MERRIMAN�S STEROID WOES STRICTLY HIS PROBLEM If and when Shawn Merriman finally serves his suspension for violating the NFL drug policy, the sports world needs to realize that Merriman is the only who is ultimately held accountable for whatever he put in his body.

It�s also a life lesson since this op/ed started out talking about letting kids be kids. This is one of the life lessons in which micro managing is a good thing for kids who are involved in sports because they look up to professional athletes and will emulate them.

Merriman says that he took a supplement that had the banned substance Nandrolone in it. The San Diego Tribune reported that he is considering dropping his appeal because of the NFL�s policy that players are responsible for what they put in their bodies.

That would be a wise decision on his part because his chances of winning the appeal are very miniscule at best. But when it comes our kids and them playing sports, this life lesson needs to be preached because far too often, athletes will blame everybody for their mishaps or misfortunes and not take responsibility for their own actions.

About a year or so ago I wrote a piece about how high school kids are on steroids and I referenced a case I saw on one of the news magazine shows back then.

And as critical as I am about NBC�s �Friday Night Lights�, I would think that the producers and/or creators surely could conjure up a sub storyline that brought steroids into that show. Why would something like this need to be talked about?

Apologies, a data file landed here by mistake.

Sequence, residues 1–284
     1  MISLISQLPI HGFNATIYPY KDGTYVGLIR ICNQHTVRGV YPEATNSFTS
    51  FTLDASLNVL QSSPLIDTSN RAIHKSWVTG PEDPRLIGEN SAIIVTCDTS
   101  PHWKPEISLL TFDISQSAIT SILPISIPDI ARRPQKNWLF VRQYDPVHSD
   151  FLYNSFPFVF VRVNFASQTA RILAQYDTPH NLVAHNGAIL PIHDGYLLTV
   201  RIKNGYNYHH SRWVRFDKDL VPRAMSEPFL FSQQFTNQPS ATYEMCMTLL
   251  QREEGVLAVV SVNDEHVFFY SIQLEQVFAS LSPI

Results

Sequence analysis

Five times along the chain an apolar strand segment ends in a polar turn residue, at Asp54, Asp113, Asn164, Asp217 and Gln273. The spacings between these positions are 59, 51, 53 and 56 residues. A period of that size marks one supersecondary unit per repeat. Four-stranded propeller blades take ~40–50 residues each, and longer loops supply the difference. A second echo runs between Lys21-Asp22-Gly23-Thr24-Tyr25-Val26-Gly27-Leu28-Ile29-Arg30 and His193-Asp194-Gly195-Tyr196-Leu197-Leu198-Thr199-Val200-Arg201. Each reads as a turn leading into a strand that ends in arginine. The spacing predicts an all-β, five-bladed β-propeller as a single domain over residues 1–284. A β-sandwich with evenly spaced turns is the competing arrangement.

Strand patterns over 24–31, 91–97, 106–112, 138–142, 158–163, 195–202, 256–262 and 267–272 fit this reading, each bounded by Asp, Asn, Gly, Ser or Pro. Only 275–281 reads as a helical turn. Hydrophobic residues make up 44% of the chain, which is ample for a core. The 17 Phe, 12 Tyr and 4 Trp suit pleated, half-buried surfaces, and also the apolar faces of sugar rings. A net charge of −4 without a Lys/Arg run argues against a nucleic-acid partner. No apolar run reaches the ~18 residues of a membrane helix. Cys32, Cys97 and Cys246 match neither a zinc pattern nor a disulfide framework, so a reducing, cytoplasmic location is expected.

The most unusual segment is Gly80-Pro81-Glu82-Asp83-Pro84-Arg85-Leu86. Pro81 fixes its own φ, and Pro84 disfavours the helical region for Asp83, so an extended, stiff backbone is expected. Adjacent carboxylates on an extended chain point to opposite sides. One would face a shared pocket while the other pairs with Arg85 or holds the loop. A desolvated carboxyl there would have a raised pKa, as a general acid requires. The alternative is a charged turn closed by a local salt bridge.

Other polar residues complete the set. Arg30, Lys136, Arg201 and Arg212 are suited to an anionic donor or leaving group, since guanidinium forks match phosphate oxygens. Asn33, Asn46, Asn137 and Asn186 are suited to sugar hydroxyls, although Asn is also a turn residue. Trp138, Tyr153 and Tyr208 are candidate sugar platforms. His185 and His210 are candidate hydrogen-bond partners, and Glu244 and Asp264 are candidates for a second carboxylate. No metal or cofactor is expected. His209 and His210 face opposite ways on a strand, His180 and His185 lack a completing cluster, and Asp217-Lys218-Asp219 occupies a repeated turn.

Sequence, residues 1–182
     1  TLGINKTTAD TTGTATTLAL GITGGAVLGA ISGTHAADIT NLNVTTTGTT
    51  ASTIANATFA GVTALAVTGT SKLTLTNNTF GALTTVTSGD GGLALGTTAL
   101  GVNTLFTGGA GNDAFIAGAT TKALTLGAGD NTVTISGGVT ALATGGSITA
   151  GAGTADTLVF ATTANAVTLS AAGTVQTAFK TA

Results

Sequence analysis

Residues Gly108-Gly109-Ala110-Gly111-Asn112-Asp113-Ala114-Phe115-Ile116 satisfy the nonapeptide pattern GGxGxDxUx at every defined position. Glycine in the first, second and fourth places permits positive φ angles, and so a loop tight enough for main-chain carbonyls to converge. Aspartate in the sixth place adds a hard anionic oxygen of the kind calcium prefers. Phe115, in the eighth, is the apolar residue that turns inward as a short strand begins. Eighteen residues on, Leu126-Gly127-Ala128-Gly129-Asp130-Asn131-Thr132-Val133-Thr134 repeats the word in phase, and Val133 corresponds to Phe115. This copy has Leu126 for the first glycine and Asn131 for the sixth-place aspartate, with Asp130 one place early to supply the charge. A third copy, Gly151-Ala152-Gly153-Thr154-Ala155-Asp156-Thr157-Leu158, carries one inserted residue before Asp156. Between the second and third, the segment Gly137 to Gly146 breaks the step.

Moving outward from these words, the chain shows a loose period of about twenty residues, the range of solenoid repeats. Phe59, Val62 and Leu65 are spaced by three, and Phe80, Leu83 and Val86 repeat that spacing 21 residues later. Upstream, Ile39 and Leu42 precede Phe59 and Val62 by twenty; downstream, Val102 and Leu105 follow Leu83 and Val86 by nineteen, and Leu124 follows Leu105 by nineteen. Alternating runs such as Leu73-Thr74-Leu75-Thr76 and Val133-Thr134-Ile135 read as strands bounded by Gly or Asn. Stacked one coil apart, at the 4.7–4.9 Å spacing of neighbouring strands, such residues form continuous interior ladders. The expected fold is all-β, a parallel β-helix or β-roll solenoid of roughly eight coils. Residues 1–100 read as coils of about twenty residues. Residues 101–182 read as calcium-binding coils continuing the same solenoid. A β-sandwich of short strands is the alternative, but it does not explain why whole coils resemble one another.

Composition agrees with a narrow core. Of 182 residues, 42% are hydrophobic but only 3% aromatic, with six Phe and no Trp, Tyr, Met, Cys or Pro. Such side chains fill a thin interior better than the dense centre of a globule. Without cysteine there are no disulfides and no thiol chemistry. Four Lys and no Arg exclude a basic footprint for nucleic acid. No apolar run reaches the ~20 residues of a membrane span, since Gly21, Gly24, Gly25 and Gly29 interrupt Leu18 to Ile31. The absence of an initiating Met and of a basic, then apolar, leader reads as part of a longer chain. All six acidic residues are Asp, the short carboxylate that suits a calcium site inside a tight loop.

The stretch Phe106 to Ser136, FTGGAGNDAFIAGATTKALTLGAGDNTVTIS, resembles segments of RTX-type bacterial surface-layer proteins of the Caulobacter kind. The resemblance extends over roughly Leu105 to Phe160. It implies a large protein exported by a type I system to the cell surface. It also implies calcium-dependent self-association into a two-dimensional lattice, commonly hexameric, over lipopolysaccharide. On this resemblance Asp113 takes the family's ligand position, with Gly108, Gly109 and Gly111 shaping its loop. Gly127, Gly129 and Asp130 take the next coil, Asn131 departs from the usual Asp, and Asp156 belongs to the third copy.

Because right now Texas is amongst the numerous states looking at mandatory drug testing of high school athletes and there are parents who think this is an invasion of their child�s privacy.

The lesson that needs to be taught here is that no matter how old you are, no matter what sport you play, if you are caught cheating, you must deal with the consequences at hand. It would be nice if Floyd Landis simply owned up to the fact that he may have taken a banned substance.

It would have been a lot easier of Justin Gatlin simply realized that he may have been cheating his sport by taking banned substances and that he was not being a good sportsman in competition.

During the time when Lyle Alzado and other in the NFL were doping up with steroids to become faster and bigger, it would have been nice for someone in the union, back then, to lay out the consequences of during such dangerous activity. But those things are the past and the only thing that we can do now is to learn from them.

While I don�t want to pat Merriman on the back for realizing he made a mistake, I don�t want to dehumanize his plight either. While the four-game suspension will be his punishment for breaking a known rule in the NFL, Merriman can turn this around to be a public service announcement to the many kids at the high school and collegiate ranks who think that steroids are the E-train to a professional career.

Right now Merriman is the perfect spokesman who can help others relay the message that cheating isn�t right no matter what level you play at and that as an athlete you are ultimately responsible for what you take.

Hopefully Merriman takes this life lesson to heart and that parents understand why sometimes even a lesson like this is something that needs to be talked about with their own athletes and not something that is hidden away from them.